Study at the University
What's it like to study at Sydney?
Excellence in teaching and learning
The University of Sydney attracts some of the best students in Australia. With this privilege comes a responsibility to provide the highest quality learning and teaching. We strive constantly for excellence in intellectual inquiry, academic freedom and integrity, and ethical practice in academic endeavours. At the heart of all of this is an exciting and stimulating student-centred learning and teaching environment.
A rich and vibrant student life
With hundreds of clubs and societies, cafes, bars, bands, theatre productions, sports, three sporting complexes, and Australia’s oldest student newspaper, Honi Soit, you will be a part of Australia’s most vibrant and active student community.
The University of Sydney is a blend of neo-gothic sandstone history complete with gargoyles, cloisters and courtyards and contemporary, well-equipped architecture, offering the highest quality teaching, learning and research facilities.
We create leaders
Many of our graduates have gone on to become inspirational leaders, making a positive difference in Australia and around the world. They’ve championed Aboriginal Australian rights, written prizewinning books and won Olympic gold medals. Our alumni have changed the face of global medicine and science, been on both sides of the camera, and continue to change our national and worldwide agendas.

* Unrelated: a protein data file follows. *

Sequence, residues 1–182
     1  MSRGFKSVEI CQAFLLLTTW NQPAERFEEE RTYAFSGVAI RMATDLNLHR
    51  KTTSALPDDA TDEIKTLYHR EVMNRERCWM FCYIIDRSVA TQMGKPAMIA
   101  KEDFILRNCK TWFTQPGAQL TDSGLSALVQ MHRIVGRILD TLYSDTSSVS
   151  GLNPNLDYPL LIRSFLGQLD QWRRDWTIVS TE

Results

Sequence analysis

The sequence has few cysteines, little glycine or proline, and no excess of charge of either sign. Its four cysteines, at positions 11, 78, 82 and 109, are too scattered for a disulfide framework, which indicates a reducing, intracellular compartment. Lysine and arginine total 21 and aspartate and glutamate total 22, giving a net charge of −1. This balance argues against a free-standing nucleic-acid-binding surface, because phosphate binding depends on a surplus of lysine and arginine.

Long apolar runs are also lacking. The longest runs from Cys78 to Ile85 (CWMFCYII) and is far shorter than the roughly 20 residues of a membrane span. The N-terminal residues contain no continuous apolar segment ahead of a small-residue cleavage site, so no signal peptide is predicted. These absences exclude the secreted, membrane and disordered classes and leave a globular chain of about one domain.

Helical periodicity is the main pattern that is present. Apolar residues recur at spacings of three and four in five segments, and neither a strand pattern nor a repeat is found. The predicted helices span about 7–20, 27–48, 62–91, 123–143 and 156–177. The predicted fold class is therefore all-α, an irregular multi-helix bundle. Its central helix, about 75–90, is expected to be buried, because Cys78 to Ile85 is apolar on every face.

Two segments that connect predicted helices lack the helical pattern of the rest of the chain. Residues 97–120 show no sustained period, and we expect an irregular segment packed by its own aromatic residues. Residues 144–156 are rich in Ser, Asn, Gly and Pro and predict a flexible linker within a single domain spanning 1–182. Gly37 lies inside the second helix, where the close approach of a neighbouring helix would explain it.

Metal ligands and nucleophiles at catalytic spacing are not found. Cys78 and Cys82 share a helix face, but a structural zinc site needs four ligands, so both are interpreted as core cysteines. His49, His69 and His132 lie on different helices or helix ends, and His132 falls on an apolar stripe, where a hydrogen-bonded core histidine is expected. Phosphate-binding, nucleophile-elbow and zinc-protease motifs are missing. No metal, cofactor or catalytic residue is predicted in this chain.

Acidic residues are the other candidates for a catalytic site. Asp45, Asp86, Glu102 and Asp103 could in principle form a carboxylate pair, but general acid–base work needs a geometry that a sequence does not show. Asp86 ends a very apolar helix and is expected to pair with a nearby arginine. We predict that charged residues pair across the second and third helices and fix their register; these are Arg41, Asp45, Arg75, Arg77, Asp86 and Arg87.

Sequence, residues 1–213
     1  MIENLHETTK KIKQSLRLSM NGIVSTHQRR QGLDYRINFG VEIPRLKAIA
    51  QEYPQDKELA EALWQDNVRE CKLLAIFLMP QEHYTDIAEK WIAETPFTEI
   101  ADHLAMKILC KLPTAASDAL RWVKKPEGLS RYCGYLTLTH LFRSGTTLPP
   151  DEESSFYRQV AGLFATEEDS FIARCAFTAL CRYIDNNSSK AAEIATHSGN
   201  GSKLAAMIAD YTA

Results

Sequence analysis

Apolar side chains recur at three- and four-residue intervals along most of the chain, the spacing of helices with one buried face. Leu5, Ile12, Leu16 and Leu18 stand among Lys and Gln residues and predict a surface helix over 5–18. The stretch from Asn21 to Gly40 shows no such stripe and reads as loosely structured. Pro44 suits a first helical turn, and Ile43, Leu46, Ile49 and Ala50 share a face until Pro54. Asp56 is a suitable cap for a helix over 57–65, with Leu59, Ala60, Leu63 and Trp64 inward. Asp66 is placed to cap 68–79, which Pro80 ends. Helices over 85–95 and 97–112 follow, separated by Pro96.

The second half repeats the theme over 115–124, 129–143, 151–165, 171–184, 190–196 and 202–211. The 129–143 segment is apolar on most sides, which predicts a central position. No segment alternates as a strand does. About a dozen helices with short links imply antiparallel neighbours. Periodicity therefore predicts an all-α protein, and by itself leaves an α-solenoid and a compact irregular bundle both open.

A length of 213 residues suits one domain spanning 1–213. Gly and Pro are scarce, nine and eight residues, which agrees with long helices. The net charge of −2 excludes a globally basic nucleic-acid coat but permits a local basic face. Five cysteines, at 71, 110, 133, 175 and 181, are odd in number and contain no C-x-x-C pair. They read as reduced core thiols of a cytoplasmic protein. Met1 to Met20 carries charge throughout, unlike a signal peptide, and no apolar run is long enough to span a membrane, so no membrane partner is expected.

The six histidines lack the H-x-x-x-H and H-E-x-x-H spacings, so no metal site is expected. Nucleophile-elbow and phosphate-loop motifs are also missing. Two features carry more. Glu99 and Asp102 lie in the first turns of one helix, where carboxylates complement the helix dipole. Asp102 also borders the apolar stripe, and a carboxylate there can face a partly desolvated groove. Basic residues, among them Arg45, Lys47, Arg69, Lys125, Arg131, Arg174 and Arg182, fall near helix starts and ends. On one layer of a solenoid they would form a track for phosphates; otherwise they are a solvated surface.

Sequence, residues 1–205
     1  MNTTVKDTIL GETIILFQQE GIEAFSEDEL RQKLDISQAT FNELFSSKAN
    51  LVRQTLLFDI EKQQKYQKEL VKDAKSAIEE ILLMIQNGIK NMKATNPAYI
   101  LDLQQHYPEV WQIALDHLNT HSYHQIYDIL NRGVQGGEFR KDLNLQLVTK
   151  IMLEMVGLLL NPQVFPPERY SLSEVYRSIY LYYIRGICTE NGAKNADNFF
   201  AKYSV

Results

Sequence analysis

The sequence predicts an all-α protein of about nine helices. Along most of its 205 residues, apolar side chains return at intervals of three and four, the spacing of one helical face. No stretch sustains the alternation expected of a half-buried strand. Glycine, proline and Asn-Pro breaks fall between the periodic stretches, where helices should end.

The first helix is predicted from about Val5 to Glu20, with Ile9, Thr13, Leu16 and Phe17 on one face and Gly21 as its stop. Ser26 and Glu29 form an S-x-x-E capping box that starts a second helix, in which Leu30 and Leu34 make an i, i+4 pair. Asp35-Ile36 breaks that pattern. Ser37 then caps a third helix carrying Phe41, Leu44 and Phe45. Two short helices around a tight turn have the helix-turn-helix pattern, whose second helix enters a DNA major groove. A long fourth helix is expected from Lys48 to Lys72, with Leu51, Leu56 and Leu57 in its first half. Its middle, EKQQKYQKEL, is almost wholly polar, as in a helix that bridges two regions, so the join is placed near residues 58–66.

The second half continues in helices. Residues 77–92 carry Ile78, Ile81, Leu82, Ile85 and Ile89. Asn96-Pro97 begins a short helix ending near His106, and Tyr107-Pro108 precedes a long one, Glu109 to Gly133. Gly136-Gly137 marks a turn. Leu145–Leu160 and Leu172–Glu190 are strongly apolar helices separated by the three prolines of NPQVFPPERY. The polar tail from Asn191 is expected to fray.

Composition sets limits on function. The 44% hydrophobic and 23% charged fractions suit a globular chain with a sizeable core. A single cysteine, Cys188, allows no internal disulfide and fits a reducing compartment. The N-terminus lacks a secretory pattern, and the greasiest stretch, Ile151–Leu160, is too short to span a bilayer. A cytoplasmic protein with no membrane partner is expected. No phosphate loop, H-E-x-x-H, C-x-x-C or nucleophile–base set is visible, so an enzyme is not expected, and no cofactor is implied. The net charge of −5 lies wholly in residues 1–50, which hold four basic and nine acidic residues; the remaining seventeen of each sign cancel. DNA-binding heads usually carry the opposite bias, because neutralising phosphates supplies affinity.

The University of Sydney teaching system is made up of large-group lectures combined with seminar and tutorial groups. In seminars or tutorials, teaching staff meet with small groups of students to discuss selected readings and questions. Tutorial groups usually contain between 8 and 15 students but may be larger in language classes. In addition, most units of study (also known as subjects) have large-group lectures in which staff provide essential, big picture information and the framework for tutorial discussion.
You need to attend all lectures and tutorials for each unit of study. Some units of study have specific attendance requirements. If you don’t go to your lectures or tutorials, you may fail that subject.